SST topologies for DC power distribution systems

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SST topologies for DC power distribution systems

There are several prominent topologies for SST applications, from two-level converters to the multilevel converters, which focus around different applications, topologies, power devices requirements, among others. Examples can be found in Zhao et al. (2013), She et al. (2013), Madhusoodhanan et al. (2015), and Barreto et al. (2018). However, since each SST application brings different characteristics to the table, this topic concentrates the attention in review studies focusing on DC power distribution systems, like the ones presented by She et al. (2012) and Rodriguez et al. (2017).
The multilevel converters have already been recognized as a good option for several medium- and high-voltage industrial applications, and they can be used into the SST conversion stages. Compared to two-level converters, they allow for an increase in the number of voltage levels at the output, which allows the reduction of the harmonic content and, consequently, the filter elements. The most well-known topologies are: NPC (Neutral-Point Clamped) (Figure 1.3a), FC (Flying Capacitor) (Figure 1.3b) and CHB (Cascaded H-Bridge) (Figure 1.3c). Also, other features are provided, as they allow a voltage rise without the need for step-up transformers, high efficiency, voltage and current efforts reduction on semiconductor devices, common mode voltage elimination, among others (SADIGH; DARGAHI; CORZINE, 2015).

HVS modulation technique

A HVS modulation must be developed to obtain the desired virtual voltages (ve and vt), which are respectively related to the input voltage van and MFT primary voltage vp, in each phase.
Among the possible techniques (DEBNATH et al., 2015) (KONSTANTINOU; CIOBOTARU; AGELIDIS, 2013) (PICAS et al., 2015) (DENG et al., 2016), the adopted modulation technique is based on the space vector modulation. According to the number of submodules N present in each arm, the implementation begins by listing all the possible switching states in terms of the ve and vt voltages. This is possible since ve and vt are directly related to the submodules switching states by equations (2.16) and (2.17). Assuming 4 submodules per arm, the resulting space-state diagram is shown in Figure 2.8. The switching states are divided into sectors. One sector corresponds to a given level of ve. Thus, the operation of the vector sequence follows the same pattern for all sectors. 2.5 LVS modulation technique At the LVS, the choice of the modulation technique took into account that the fullbridge converter provides the maximum of three voltage levels in the MFT secondary voltage. Thus, the SHE-PWM (Selective Harmonic Elimination Pulse-Width Modulation) was chosen to suppress the third order harmonic component (and its multiples), due to it being the one with the smaller order, which enables the reduction of MFT voltage and current stresses (SANCHEZ-RUIZ et al., 2017).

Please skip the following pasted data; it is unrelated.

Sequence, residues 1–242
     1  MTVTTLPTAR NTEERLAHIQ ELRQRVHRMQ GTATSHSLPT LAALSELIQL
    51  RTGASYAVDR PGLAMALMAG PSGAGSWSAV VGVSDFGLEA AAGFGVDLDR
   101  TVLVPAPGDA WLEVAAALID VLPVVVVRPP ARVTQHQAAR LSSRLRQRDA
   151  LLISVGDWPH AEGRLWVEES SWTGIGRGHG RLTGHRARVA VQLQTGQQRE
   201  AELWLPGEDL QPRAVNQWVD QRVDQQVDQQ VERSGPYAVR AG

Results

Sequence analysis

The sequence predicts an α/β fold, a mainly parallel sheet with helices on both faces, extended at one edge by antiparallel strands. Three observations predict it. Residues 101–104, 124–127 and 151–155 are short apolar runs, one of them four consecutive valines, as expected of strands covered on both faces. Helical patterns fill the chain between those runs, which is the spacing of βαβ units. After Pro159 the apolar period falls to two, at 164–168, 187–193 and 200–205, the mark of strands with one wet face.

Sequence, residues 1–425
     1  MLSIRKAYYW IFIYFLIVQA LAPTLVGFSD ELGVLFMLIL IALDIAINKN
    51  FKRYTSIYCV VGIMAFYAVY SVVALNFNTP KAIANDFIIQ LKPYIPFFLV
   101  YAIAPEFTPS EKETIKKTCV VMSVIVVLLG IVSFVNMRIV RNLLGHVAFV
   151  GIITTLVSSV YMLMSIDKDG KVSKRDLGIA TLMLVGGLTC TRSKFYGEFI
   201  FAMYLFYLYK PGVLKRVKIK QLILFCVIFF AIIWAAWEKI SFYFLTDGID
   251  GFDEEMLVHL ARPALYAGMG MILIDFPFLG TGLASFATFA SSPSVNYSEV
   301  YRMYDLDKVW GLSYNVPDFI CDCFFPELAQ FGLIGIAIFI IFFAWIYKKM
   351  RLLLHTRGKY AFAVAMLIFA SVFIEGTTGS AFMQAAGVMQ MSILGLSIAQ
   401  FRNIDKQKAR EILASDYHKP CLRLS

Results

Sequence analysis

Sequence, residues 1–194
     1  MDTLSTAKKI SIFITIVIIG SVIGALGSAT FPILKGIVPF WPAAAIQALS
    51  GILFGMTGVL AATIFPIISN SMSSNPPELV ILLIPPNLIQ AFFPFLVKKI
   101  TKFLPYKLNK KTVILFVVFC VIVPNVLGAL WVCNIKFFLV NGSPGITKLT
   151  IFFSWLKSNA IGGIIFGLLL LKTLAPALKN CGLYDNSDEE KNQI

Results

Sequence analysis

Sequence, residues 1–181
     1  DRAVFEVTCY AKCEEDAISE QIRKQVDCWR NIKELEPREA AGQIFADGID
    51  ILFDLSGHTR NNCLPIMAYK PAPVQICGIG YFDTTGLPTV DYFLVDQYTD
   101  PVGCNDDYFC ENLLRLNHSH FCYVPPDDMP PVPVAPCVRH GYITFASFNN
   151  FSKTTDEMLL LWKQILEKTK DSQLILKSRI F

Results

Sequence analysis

Capacitors voltage balancing and circulating currents minimization algorithm

As for any modular multilevel converter, the submodules capacitor voltage balancing is mandatory for its functional operation (GHETTI et al., 2017). From (2.23), it is observed that the circulating currents derivatives changes according to nx, ny and vbus. If vbus is kept regulated by the control system, by setting the number of active submodules in each leg nx and ny, it is possible to change the direction of the circulating current in order to minimize it. For that, since the average bus voltage vbus is nearly equal to NVc, the following equations must be respected
 If the circulating current is increasing, the number of active submodules in each leg (nx and ny) must be higher than N;
 If the circulating current is falling, the number of active submodules in each leg (nx and ny) must be lower than N. From that, the capacitors voltage balancing (CVB) and the circulating currents minimization (CCM) can be combined together in a single algorithm (CVB/CCM), as illustrated in Figure 2.11. This is one important specificity of this converter. The algorithm is used in each leg and the steps are described as follows:

Table of contents :

1.1 Context
1.2 SST concepts
1.3 SST topologies for DC power distribution systems
1.4 Motivation and constraints
1.5 Thesis objectives
1.6 Outline
2.1 Structure
2.2 Principle of operation
2.3 HVS Modeling
2.3.1 Leg mid-point voltages vxn and vyn
2.3.2 Input voltage van and MFT primary voltage vp
2.3.3 Bus voltage vbus
2.4 HVS modulation technique
2.5 LVS modulation technique
2.7 Control scheme
2.7.1 HVS plant
2.7.2 LVS plant
2.7.3 HVS and LVS control scheme
2.8 Final comments
3.1 Converter analysis
3.1.1 Optimum number of submodules per arm Nopt
3.1.2 Optimum transformer turns ratio kopt
3.1.3 RMS value and THD of the voltage vt
3.1.4 Losses
3.2 Design
3.2.1 Input inductor Lg
3.2.2 Arm inductor L
3.2.3 Submodule capacitor C
3.2.4 Bus capacitors Cb1 and Cb2
3.2.5 Medium-frequency transformer
3.2.6 Output capacitor Co
3.3 Simulation
3.3.1 Steady-state operation
3.3.2 Power flow inversion operation
3.4 Final comments
4.1 Prototype specifications and overview
4.1.1 Overview of the prototype
4.1.2 Overview of one submodule
4.1.3 Overview of the arm FPGA
4.1.4 Overview of the master FPGA
4.2 Experimental results
4.2.1 Steady-state operation
4.2.2 Dynamic operation
4.3 Final comments
5.1 Scientific production
5.1.1 Proceedings papers
5.1.2 Journal papers


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